GUEST EDITORIAL By RADEK WYRZYKOWSKI, founder, IMC Club
Success can be measured in many different ways. When it comes to the recent and very timely Society of Aviation and Flight Educators (SAFE) Pilot Training Reform Symposium, I confess to having mixed feelings about what was achieved.
I do need to start with a sincere thank you to the organizers of the event and especially SAFE’s Chair Doug Stewart. By any measure, making the event happen was an impressive accomplishment and a giant step in the right direction. It initiated a discussion that was long overdue.
Statistics from a recent industry study showing a rapidly dropping number of new pilots and poor quality of education are definite causes for a concern. They call for a full-blown alarm and a declaration of an emergency.
The question, however, is did the meeting accomplish what was needed?
Some people overwhelmed by the euphoria of starting to move in the right direction and a success of the event itself may consider what I am about to say as some sort of aviation heresy. But any progress and productive outcomes in history have always been characterized by vigorous debate.
One could say that first the specific problem has to be identified and then we can look for a solution. But what really is the problem? There is no argument that many possible causes for the problems in GA training were clearly identified at the symposium. But, in my opinion, the core of general aviation’s sickness lies much deeper than we were willing to admit.
The problem is that our system of developing young professional pilots forces them to do something many of them aren’t interested in doing — being instructors. To accomplish their goals they have to suffer until their “time-building sentence” is over.
This has resulted in a large group of instructors who simply don’t teach but who, through no fault of their own, were put in that position by a flawed system. No release of a free syllabus will make flight instructors use it. No FAA Advisory Circular is going to create professionalism among them, especially those that have no desire to be aviation educators.
But as long as the system requires young pilots to build hours by becoming CFIs, there are distinct steps we can take to make that system more effective. No one can or should change a young person’s desires and dreams. But we can shape their behavior and attitudes through better supervision, coaching and mentoring.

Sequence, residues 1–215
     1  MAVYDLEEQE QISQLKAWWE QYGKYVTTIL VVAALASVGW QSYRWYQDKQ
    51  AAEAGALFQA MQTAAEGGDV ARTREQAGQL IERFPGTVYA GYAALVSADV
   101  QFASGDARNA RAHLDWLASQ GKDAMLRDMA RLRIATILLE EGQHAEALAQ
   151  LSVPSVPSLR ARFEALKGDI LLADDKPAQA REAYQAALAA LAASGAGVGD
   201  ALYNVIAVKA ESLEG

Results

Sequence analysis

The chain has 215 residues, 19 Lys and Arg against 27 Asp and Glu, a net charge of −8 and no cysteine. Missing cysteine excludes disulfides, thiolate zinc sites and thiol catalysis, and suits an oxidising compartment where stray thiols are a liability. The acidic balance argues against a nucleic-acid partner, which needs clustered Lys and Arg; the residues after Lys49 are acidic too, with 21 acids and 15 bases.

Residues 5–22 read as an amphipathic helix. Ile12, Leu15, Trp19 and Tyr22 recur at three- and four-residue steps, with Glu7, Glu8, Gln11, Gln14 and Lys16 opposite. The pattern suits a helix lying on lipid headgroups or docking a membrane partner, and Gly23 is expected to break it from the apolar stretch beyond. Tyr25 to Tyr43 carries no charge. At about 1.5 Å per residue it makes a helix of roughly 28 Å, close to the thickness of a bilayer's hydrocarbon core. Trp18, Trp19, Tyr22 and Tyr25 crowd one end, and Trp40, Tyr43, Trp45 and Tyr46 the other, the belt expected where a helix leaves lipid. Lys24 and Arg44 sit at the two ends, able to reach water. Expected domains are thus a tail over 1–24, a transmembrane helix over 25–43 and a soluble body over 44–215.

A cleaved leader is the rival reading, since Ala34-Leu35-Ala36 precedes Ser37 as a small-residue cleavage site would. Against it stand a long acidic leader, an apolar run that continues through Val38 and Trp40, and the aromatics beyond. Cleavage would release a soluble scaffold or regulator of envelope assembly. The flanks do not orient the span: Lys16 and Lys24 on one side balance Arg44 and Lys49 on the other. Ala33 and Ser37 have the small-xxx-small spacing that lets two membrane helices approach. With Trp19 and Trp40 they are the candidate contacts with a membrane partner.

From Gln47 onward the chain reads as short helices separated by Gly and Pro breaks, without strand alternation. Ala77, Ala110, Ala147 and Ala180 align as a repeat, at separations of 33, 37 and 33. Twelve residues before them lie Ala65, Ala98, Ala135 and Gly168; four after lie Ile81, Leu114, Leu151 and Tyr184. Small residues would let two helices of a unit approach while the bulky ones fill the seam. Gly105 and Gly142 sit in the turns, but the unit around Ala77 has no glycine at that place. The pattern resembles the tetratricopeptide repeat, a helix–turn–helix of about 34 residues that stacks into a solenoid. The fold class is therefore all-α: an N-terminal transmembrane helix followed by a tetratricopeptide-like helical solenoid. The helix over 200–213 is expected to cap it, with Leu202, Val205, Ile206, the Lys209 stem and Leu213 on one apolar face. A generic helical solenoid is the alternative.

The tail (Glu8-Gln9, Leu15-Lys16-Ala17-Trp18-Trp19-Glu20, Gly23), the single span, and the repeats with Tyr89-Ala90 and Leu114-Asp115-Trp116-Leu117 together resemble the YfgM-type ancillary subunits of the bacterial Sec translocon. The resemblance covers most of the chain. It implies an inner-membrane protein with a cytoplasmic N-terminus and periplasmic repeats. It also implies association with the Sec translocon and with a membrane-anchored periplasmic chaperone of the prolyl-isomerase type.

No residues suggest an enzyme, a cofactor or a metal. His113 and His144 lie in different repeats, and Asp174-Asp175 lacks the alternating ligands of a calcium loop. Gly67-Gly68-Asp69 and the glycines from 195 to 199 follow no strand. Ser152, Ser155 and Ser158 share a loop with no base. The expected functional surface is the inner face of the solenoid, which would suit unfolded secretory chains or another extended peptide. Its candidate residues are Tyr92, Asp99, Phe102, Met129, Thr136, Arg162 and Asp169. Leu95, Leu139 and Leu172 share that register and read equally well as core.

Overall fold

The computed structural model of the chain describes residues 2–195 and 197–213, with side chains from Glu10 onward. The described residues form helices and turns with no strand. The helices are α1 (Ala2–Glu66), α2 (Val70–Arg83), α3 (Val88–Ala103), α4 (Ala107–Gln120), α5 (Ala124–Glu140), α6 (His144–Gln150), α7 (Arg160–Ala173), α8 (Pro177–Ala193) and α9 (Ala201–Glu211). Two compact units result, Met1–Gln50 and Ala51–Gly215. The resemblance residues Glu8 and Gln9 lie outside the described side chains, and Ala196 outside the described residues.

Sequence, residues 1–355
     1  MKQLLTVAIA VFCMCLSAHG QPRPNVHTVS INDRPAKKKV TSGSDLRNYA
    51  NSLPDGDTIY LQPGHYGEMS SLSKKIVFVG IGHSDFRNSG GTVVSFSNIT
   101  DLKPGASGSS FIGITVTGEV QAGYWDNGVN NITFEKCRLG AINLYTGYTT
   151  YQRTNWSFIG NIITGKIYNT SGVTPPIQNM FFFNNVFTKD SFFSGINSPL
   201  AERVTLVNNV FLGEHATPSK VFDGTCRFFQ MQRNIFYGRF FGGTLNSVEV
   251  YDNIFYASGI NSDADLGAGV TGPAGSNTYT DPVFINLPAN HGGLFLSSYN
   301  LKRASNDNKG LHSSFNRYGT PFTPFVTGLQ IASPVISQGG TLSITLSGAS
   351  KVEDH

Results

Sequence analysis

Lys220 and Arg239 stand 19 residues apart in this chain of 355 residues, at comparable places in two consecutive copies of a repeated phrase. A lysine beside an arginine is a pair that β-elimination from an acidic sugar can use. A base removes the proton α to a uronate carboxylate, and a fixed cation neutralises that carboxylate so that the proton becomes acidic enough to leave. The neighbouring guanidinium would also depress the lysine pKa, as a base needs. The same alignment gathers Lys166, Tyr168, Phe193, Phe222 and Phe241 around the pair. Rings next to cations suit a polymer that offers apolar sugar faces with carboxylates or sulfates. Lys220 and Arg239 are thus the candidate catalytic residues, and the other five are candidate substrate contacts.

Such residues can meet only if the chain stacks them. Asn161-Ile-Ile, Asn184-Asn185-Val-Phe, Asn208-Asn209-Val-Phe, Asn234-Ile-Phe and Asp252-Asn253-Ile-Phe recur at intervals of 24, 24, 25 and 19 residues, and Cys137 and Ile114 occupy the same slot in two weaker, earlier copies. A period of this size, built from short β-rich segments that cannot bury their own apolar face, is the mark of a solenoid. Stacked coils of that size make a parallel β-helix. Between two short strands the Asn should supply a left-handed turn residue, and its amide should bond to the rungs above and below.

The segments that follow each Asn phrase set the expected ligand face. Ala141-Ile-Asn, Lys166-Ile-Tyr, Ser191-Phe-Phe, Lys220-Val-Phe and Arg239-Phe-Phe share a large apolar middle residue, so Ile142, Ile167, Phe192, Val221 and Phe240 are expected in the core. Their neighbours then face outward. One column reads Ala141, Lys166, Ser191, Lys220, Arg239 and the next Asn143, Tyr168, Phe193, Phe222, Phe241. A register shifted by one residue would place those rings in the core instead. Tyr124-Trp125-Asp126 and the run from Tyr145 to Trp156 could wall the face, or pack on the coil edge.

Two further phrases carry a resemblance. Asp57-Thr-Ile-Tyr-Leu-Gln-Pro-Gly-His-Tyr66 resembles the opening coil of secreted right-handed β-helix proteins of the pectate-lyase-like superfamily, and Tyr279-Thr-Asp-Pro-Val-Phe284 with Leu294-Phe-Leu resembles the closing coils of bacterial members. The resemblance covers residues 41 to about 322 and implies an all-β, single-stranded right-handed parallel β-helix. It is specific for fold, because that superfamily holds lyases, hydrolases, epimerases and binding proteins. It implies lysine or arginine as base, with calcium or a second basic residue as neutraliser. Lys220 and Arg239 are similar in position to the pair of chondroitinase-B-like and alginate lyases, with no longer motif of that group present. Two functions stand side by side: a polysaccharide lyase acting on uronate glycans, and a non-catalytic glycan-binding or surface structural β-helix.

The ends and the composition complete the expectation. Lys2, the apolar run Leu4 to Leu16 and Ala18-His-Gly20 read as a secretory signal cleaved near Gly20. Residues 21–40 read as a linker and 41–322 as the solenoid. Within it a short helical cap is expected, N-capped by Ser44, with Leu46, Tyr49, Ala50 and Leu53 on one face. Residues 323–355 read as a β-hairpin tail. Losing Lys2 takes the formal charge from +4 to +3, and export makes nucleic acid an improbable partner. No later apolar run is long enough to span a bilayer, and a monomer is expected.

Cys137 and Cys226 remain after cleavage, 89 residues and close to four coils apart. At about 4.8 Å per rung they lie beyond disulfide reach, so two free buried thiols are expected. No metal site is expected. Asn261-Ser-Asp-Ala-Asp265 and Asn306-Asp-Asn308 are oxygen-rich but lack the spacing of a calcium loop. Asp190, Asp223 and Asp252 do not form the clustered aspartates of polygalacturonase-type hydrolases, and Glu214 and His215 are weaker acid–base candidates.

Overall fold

Short-term fixes may relieve us of short-term symptoms. Only a long-term solution that is based on an assessment of the big picture makes any sense. It is not going to yield immediate results, but the real fix lays in the results that may show up in five or even 10 years.
There is only one way that this objective can be accomplished: We need to institutionalize the role of Career Instructor. In the words of FAA Administrator Randy Babbitt at the Pilot Training Reform Symposium: “Education helps develop professionalism…we can make rules to require certain professional behavior, but professionalism is a lot more than rule-driven behaviors. It’s a mindset. It’s an attitude that drives you to do the right thing — every time, all the time.”
The creation of a group of career instructors that will be available for years to come is our only salvation. So how do we create this group?
I propose the creation of a National Flight Instructor Academy. The academy would be created by a council of the industry and aviation education leaders and composed of approved independently participating flight instructors and aviation schools across the nation. Instructors and schools would become academy members by adopting a training syllabus developed by that council and set to the highest training standards. The academy would focus on producing true aviation educators.
I would like to invite to this task all aviation organizations, especially SAFE, the Aircraft Owners and Pilot Association (AOPA), the National Association of Flight Instructors (NAFI), Experimental Aircraft Association (EAA), Women in Aviation (WAI) and all aviation industry leaders.
Our long-term future is in our own hands and does not require any regulatory change. It is up to us to guide, mentor and demand the higher standard. If you are willing to participate, please contact me.